Last week was primarily about Cloud Connect for me. However, I did fit in a few other things, including a short rant inspired by enterprise architecture pundits.
As you all know, I believe in the value of enterprise architecture, and even more strongly, I recognize the unique talents and contributions of real-world (‘street-smart’) enterprise architects.
At the same time, I’m increasingly concerned about the macro-direction of our field, as we continue to suffer ivory tower enterprise architecture punditry, rigid frameworks and endless philosophical waxing.
A couple of weeks ago, I attempted to inject a little action / purpose / outcome orientation in the enterprise architecture conversation with the following tweet:
“Today’s word for Enterprise Architects: Utilitarian [u-til-i-tar-i-an]: designed to be useful or practical rather than attractive. #entarch“
Well, as you might expect, I got
nit-picked parsed. That architecture by definition is attractive. [Aargh!] My intended point was “useful or practical”. Not easily defeated, I restated as follows:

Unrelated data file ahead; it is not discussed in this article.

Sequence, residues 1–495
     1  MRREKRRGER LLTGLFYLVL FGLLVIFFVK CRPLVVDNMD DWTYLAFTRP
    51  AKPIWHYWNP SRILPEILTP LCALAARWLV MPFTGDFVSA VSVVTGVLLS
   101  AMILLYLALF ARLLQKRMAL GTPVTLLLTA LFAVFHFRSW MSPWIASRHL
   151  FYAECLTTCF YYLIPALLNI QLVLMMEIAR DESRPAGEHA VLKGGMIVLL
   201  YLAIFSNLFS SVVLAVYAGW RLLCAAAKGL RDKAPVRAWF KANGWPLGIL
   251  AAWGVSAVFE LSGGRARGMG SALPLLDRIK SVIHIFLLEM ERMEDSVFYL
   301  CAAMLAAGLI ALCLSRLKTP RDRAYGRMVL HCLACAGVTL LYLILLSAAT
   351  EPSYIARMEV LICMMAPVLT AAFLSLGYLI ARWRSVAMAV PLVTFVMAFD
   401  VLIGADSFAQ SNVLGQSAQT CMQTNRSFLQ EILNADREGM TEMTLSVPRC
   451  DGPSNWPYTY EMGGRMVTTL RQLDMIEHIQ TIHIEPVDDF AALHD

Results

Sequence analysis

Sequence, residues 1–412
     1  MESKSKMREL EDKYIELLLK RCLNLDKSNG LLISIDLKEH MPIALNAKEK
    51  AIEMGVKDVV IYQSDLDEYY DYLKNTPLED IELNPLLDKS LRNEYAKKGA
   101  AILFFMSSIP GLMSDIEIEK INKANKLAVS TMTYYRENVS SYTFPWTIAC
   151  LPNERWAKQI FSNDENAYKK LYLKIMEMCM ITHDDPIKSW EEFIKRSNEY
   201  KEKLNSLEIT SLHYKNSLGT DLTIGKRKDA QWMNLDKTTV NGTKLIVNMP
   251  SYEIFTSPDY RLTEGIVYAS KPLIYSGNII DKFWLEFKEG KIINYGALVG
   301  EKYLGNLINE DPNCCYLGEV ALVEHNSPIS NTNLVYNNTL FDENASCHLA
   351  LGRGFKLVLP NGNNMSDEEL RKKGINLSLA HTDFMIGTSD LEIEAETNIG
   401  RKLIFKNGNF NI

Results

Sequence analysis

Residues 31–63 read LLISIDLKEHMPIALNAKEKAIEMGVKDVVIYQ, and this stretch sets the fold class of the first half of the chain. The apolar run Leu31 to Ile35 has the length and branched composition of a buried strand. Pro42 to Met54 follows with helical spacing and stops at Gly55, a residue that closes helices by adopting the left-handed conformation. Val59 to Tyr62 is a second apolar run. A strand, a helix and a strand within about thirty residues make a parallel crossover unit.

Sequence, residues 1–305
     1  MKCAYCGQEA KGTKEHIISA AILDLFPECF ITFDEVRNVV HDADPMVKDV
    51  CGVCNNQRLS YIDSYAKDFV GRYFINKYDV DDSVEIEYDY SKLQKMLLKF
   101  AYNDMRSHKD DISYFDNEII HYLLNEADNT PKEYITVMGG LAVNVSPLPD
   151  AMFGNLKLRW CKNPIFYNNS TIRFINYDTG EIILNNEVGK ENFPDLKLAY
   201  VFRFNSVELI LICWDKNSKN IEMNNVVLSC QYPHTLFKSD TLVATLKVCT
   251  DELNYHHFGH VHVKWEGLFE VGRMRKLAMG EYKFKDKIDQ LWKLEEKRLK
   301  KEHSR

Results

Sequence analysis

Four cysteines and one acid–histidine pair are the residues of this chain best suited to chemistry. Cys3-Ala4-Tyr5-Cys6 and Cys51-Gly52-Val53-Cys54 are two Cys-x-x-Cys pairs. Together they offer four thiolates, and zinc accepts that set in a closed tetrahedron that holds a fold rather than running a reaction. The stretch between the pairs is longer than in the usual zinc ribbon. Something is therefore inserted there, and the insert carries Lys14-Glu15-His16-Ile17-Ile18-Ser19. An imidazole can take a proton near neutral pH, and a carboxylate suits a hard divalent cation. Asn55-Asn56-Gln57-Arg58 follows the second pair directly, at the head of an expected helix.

“better stated, i think every #entarch needs to have a utilitarian perspective”
If you can’t answer “what is the purpose?”, that is an early warning indicator of folly, or worse. This “utilitarian” aspect is something I find myself circling back to more and more, especially in my work on business architecture.
Anyway, on Friday, after witnessing yet another definitional discussion on enterprise architecture, I tried to inject the utilitarian perspective again with the following on twitter:
“Ok, last time: It’s not what enterprise architecture IS that matters. It’s what enterprise architecture DOES that matters. #entarch“
This “pithy” missive hit the mark with real-world enterprise architects and pundits alike.
So remember, next time someone tries to drag you down a “what & how” conversation on enterprise architecture, steer them to “why & outcomes“. It’ll be more productive, in the moment, and for your long-term practice.